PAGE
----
Tuesday Truth - More Money, More Problems

America was once cutting edge, politically, technologically, socially.  That hasn't been true for the better part of a century.  Sure, we still have a huge technological step up to the world around us, and our entertainment is still cutting edge, but even that is waning.  Our legal system is so slow, and so corrupt, that we're playing with technologies there are no laws for.  When FDR started building the interstate highway system, he was in a unique position to coordinate the entire nation's efforts toward a single goal, something that he had already done with WWII.  In it's day, the interstate network was cutting edge.  The technology exists, today, to replace all standard pavement with an electronic smart pavement that would not only allow city planners to change the signage on the road itself, and use electric heat so that no one would ever have to plow ever again, but could use solar energy to generate three times more energy than the whole country currently uses.  That technology exists today, but the power companies, the road companies, the legal system, is just too bound up in tradition to make any changes.

Something else that's broken, and everyone knows it's broken, but there are just too many powerful people involved to change it now, is America's social security system.  That, too, was mostly put together in FDR's day, in response to the communist and socialist revolutions overseas.  He figured if he gave us a little of what we wanted, we wouldn't overthrow our government, too.  He was right, to a point.

 In today's world, there is not just a glass ceiling, but a freaking bullet-proof glass ceiling, in that there is a maximum amount of money a household is allowed to make and still collect social security benefits.  Unfortunately, this maximum is way below what it actually costs to pay for the equivalent of all those benefits.  What this means on a practical level, is that people who have already enrolled in social security benefits have a virtual income that the government gives them to go towards things like: food, medical insurance, housing, and spending capital.  This virtual income, for those that handle it responsibly, is the equivalent to a solidly middle-class lifestyle.  However, the level of household income where these benefits stop is at an upper-lower-class level.  Meaning, there's a huge gap between your quality of life on social security, and quality of life off of it, if you are in fact running the spectrum of income and slowly growing your status.  In order for this to not be a problem, one would have to magically quantum leap in income level.

For people with Diverse Abilities, this is even more pronounced.  People with Diverse Abilities debilitating enough to require home care or home-based healthcare must be so disabled that they cannot make an income.  If they can afford to work from home, or be able to get out enough to go to a place of employment, then clearly they're not "that" disabled, in which case they don't deserve any benefits.  If every health insurance company offered ongoing home health care, then maybe that would work, but they don't because it's expensive.  Some people, like my wife, really do need it, so someone has to offer it, if we're to consider ourselves a moral society, and since the government has taken up the role of doing jobs no one else will do because they're not profitable, that means that health insurance that will pay for home care must come from the government.  Since the only health insurance company that offers home health care on a permanent basis is the government, well, it gets tied up in that glass ceiling.  People with Diverse Abilities in America are expected to stay home, do nothing, maybe get a job they can do on their computer or over the phone, but stay out of everyone else's hair, and if they don't, if they push through all that pressure and make something of themselves, then give them a medal, because they're amazing for acting like "normal" people.  What makes them amazing is that they broke through all that pressure.  No one else gets medals for starting their own businesses, or doing well in the corporate environment, or having a family.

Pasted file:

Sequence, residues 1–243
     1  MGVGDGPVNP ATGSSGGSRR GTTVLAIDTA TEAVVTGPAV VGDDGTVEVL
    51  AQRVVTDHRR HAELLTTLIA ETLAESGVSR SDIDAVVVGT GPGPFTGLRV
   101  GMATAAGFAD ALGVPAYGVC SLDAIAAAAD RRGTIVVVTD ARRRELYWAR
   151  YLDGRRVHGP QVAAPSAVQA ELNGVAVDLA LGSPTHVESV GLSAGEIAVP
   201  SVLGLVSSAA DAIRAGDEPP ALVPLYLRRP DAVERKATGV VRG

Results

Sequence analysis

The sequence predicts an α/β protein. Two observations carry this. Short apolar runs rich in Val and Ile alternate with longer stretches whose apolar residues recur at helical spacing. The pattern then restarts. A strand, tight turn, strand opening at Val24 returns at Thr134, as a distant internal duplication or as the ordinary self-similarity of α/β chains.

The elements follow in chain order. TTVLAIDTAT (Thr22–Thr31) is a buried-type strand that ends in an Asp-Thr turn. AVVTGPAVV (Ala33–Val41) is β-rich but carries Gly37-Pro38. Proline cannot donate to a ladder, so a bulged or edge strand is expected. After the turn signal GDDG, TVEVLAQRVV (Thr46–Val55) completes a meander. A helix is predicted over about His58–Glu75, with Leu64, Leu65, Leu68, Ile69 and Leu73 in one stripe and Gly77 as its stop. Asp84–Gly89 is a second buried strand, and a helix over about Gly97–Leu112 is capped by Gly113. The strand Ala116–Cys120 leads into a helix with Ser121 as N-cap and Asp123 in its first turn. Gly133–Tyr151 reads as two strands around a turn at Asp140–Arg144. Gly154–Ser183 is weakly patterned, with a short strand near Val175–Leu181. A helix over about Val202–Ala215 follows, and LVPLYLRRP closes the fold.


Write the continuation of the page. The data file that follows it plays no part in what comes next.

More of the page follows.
My wife has to carefully navigate this broken system. As you have all been witness to, she is intelligent, driven, diligent, and creative. While these are all qualities I admire about her, it is these same qualities that makes our government question if she is "disabled" enough to receive the benefits they offer. Mandi has severe mobility limitations and does need the services she gets, but why should her Diverse Ability define who she is?

We'd love to hear your own stories of balancing "being disabled enough" and pursuing your goals and passions. We are also asking that you support Mandi's business by shopping at http://bitly.com/mandifashionshow and/or donate to her GoFundMe page to raise funds for The DiversAble Model Fashion Show, since she is limited in the amount of income she can have: gofundme.com/DMPFashionShow

Comments

  1. I never had SSI before last year when all of a sudden my financial world was turned upside down. I never knew how many barriers I'd face when enrolled. The first thing? $2000. More than $2000 in cash and assets and you do not qualify. Here's the thing: Once you do qualify, there is a cap on how much you receive per month. They do some tricky math and then further deduct if you do not pay your fair share in rent and food. So if your roommate pays even $100 more in rent then you, they deduct money from you and your income is even less. I learned much of this the hard way.

    My goal: Get into the workforce as a public service lawyer and help change the system from within. Sounds idealistic but it's something to work towards. No one can live off of $900 a month and be independent.

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